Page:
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Government funding failures delay levelling-up projects

Author: ICAEW Insights

Published: 12 Dec 2023

The National Audit Office has criticised the government for failing to deliver levelling-up funds on time.

The UK government’s levelling-up plans are behind schedule, leaving local authorities unable to complete projects by the original deadlines, according to a critical report by the National Audit Office (NAO).

The NAO attributed the delays to a poor understanding by central government of what had worked in previous local growth programmes, the need to scale up its management of grant-making, and slowness to agree funding across Towns Fund and Levelling Up Fund projects. Inflationary pressures, skills shortages and wider construction industry supply challenges have all contributed to the difficulties facing local authorities in delivering agreed levelling-up projects. 

The independent public spending watchdog said that departmental decisions have had a “detrimental impact.” It says poor communication on the results of bids by local authorities, as well as a mismatch between submission deadlines for the first round of Levelling Up Fund bids and the final confirmation of Town Deals offers have prevented “effective planning and potentially jeopardising value for money” by local authorities.

According to the report, the Department for Levelling Up, Housing and Communities (DLUHC) has allocated £9.5bn of funding for local government through three significant funds to support more than 4,300 projects across the UK. The NAO found that 50% of the main construction contracts for Levelling Up Fund projects due by March 2024 were unsigned, rising to 85% for construction contracts due by March 2025.

“Given the delays and delivery risks, DLUHC’s original deadlines are unlikely to be met,” the NAO warns. It found project delivery under Levelling Up and Towns Funds is behind schedule, and local authority progress reports are identifying signs of slippage.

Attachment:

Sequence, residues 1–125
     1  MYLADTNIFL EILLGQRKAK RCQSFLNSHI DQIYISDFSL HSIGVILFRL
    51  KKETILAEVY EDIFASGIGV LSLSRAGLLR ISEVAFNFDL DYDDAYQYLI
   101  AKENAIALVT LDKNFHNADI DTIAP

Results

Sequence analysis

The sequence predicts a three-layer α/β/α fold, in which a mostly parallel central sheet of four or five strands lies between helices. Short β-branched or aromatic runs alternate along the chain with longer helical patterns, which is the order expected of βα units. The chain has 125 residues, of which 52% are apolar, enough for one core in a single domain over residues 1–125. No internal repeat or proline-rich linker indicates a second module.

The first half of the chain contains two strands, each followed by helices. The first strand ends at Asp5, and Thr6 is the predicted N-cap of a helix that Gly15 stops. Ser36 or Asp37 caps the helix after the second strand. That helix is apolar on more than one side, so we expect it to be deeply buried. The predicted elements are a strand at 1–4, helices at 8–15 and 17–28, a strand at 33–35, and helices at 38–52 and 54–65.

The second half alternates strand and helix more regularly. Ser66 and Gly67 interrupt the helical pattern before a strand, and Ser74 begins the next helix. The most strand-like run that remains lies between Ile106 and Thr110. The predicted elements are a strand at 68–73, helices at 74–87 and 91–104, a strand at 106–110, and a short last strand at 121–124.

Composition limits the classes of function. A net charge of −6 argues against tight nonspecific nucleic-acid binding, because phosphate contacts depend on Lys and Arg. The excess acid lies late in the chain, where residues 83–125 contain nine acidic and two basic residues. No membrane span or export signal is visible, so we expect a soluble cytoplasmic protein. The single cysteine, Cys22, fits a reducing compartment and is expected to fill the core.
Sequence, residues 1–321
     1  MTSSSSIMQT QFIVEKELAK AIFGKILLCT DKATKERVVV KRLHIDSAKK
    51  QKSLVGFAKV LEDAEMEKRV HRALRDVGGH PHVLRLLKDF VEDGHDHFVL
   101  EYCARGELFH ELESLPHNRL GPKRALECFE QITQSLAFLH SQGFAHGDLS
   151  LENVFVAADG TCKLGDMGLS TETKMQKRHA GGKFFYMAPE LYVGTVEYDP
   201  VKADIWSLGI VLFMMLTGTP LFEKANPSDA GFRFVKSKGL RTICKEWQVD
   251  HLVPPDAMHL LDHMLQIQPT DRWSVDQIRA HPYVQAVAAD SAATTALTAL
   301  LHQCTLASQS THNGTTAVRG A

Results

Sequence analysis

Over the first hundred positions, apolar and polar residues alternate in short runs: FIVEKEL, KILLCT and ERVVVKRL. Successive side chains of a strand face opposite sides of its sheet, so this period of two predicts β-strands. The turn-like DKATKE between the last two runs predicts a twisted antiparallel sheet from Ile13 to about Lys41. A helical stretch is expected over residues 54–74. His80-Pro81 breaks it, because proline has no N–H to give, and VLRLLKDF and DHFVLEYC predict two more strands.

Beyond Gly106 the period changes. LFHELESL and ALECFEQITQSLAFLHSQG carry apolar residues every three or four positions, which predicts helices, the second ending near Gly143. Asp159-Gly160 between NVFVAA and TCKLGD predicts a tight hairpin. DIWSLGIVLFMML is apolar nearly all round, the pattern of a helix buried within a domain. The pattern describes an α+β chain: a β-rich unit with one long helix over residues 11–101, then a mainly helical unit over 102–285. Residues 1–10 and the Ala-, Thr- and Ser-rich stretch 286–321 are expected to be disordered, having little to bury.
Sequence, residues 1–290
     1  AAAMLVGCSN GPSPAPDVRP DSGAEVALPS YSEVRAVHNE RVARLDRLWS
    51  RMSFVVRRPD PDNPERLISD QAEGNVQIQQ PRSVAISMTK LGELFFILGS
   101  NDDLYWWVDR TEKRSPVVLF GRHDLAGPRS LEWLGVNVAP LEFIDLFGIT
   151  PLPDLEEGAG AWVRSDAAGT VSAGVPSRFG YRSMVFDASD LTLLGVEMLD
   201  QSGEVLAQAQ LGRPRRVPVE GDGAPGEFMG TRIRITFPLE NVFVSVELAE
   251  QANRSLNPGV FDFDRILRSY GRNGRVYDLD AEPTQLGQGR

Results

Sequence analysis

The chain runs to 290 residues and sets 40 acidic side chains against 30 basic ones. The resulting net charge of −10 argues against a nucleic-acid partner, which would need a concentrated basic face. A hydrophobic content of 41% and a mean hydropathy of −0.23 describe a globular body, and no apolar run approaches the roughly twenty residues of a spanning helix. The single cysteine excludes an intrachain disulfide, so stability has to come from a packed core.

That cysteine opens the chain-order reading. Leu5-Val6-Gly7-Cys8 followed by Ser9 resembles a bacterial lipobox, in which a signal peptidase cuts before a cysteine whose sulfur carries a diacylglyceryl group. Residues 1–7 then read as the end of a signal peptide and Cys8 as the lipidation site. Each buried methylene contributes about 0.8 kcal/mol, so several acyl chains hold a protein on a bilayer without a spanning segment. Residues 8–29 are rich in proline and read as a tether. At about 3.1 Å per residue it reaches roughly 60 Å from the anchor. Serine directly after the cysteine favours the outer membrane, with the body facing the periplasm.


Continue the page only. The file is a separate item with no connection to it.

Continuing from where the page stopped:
As a result, DLUHC has had to move some of the original deadlines. As at the end of March 2023, it has distributed £2bn to local places, and those places have spent £0.9bn so far across all three funds, according to the NAO report.

Alison Ring OBE, ICAEW Director of Public Sector and Taxation, said: “The National Audit Office has highlighted yet again how micromanagement by central government is not delivering the best outcomes for taxpayers. 

“The whole process of making local authorities bid repeatedly for funding means that both local and central government waste time and effort on the bidding process, as well as – almost inevitably – resulting in delays to the delivery of projects critical to a key government objective.”

The NAO’s report, Levelling up funding to local government, considered the DLUHC work supporting local projects across the country through the UK-wide Levelling Up Fund, worth £4.8bn; the UK Shared Prosperity Fund (that replaced EU regional development funds), worth £2.6bn; and the England-only Towns Fund, worth £3.2bn – a total of £10.6bn planned to be spent between 2020/21 and 2025/26.

The three funds have overlapping investment themes around regeneration, culture and transport – but DLUHC has allocated funding in different ways, meaning local authorities have not been able to align their plans to secure the best value for taxpayers. 

Despite the delays, the NAO said the department has improved its oversight and evaluation processes and DLUHC “has taken steps to understand local authorities’ delivery challenges and is piloting a more flexible approach to move money between Towns Fund and Levelling Up Fund projects”.

Gareth Davies, head of NAO, said: “DLUHC is in a better position to understand the benefits these funds deliver following significant improvements in its approach to evaluation. But the department and local authorities will need to work together to unblock projects that are delayed or have not started and set realistic expectations for delivery.

“It is important that DLUHC shares the insights from its evaluation work with local decision-makers to help them achieve better value for money and reduce regional inequalities by improving the places people live.”

Ring said: “While it is good to know that the Department for Levelling Up, Housing and Communities is now starting to get the hang of the process it has established, there are still some big questions about whether this process should exist in the first place.”

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